New delivery programme in Wales is welcomed but how will its impact be measured?
World Mental Health Day on October 10th is a time to celebrate mental health and wellbeing, but it’s also a time to reflect.
Here in Wales, amidst the announcements and events, came the Cabinet Secretary’s launch of the delivery plan for mental health. This forms the next three-year phase of delivering the Welsh Government’s 10 year strategy: Together for Mental Health.
It’s refreshing to see just one strategy that takes a longitudinal approach (well, 10 years is a very long time in politics!) and one which reflects a public health approach, incorporating actions for education, early years, housing and the workplace to name a few.
It’s too easy for politicians to focus on improvements to the health service only as a relative ‘quick win’ rather than unpick and address the complex set of circumstances that may lead people to have mental ill-health.
So what does the delivery plan include?
11 priority areas have been identified with a number of actions and performance measures falling underneath them – this includes:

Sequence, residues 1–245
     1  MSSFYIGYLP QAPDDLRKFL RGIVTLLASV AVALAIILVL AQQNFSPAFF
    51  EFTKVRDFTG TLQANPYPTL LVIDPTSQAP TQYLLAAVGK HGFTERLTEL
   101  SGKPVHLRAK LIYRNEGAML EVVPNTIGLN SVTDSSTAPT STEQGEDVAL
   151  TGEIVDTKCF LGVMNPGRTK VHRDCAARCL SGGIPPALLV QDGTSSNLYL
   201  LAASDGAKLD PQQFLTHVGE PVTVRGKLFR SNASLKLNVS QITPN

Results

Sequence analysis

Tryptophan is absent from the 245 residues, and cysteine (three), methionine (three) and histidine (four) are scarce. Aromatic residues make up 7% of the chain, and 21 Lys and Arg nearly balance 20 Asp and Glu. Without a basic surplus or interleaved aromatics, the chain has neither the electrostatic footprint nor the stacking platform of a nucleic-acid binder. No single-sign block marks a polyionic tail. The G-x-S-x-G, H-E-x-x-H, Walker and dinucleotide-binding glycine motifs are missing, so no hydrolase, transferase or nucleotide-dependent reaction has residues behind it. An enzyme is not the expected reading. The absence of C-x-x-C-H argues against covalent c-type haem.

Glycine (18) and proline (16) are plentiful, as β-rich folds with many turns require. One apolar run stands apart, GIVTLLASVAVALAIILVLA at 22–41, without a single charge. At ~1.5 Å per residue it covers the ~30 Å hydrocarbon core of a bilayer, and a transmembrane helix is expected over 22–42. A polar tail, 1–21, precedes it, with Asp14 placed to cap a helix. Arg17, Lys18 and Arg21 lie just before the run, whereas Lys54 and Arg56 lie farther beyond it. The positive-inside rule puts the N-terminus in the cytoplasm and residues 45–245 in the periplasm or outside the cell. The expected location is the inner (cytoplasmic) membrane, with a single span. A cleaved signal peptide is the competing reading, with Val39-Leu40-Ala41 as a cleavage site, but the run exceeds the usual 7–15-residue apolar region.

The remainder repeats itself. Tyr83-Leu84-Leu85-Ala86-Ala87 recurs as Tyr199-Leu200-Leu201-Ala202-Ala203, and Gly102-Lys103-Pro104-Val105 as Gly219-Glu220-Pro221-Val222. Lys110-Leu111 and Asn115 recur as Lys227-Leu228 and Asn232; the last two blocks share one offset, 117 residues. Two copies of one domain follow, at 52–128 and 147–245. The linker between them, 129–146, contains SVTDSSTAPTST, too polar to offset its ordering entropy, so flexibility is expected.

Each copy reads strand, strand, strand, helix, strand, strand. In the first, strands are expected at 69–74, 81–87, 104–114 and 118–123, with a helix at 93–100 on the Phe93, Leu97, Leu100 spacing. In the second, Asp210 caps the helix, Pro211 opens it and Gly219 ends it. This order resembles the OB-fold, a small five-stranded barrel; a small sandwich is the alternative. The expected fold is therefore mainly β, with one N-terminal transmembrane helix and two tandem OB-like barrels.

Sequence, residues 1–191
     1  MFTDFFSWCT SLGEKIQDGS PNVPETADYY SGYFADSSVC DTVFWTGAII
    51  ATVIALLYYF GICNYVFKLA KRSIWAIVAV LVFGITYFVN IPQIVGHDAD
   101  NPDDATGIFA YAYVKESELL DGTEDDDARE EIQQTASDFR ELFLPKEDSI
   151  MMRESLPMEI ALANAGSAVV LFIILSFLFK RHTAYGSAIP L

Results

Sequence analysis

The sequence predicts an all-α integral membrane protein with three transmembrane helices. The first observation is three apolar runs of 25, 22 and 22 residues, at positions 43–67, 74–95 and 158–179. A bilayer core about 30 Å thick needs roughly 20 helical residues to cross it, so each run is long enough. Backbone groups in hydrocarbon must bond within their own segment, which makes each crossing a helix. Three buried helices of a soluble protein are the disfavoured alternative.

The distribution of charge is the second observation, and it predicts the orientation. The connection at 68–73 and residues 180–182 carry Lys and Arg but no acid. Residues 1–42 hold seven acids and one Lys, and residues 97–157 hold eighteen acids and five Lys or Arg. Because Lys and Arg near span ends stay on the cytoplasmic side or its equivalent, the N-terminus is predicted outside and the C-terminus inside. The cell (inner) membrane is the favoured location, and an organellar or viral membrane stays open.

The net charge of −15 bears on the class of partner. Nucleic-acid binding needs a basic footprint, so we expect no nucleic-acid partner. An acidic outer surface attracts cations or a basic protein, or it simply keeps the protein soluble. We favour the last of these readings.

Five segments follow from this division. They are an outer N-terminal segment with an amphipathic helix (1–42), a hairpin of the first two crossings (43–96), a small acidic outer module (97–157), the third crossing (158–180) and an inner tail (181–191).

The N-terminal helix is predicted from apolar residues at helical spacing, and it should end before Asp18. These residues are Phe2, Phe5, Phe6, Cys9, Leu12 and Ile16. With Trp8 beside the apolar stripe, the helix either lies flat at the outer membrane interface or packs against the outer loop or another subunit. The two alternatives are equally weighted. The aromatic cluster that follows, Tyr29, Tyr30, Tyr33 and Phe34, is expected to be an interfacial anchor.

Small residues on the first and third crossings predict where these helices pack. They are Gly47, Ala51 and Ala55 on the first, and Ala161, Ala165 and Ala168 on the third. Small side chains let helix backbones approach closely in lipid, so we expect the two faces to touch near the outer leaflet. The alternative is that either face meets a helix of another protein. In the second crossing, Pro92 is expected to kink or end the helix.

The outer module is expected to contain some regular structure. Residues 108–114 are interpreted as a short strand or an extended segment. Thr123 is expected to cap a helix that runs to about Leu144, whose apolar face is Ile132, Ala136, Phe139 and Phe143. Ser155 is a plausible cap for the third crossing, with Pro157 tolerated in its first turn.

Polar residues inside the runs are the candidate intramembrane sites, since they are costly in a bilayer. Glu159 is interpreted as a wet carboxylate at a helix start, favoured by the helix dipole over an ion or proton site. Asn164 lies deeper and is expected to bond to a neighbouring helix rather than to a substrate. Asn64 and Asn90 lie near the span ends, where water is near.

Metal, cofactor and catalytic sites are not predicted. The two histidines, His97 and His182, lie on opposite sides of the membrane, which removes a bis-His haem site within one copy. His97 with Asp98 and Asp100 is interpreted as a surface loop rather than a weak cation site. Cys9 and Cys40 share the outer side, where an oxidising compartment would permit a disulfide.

- people in Wales being more resilient and better able to tackle poor mental wellbeing
- addressing loneliness and isolation
- meeting diversity and the population’s diverse needs
- children having the best possible start in life and being more resilient and supported when they become unwell
- access to appropriate and timely services for everyone.
Wales will also be a ‘dementia friendly’ nation and a new dementia strategy is expected this December.
The delivery plan has been published following an extensive period of consultation and involvement of different stakeholders, including the voluntary sector – with many alterations and developments along the way.
We are delighted at the comprehensive approach to the final plan - certain areas (such as supporting those with eating disorders and addressing isolation and loneliness) have been developed extensively since earlier drafts, although the plan is still a bit ‘light’ on supporting older people’s mental health.
Reading through the 38-page document though, I’m struck by the challenge of how we measure this change in three years’ time after the plan has been delivered. Most of the performance measures include a ‘percentage change’ but as there is no baseline for many of the measures in the plan, it’s difficult to see what that might change might be. Data and information is a challenge in Wales and, more broadly, information that records the quality of people’s experiences, as well as any numerical change.
It’s important that any public mental health plan is accompanied by investment in evaluating and measuring its success (or not) so that ultimately we can assess whether it leads to improvements in people’s lives.
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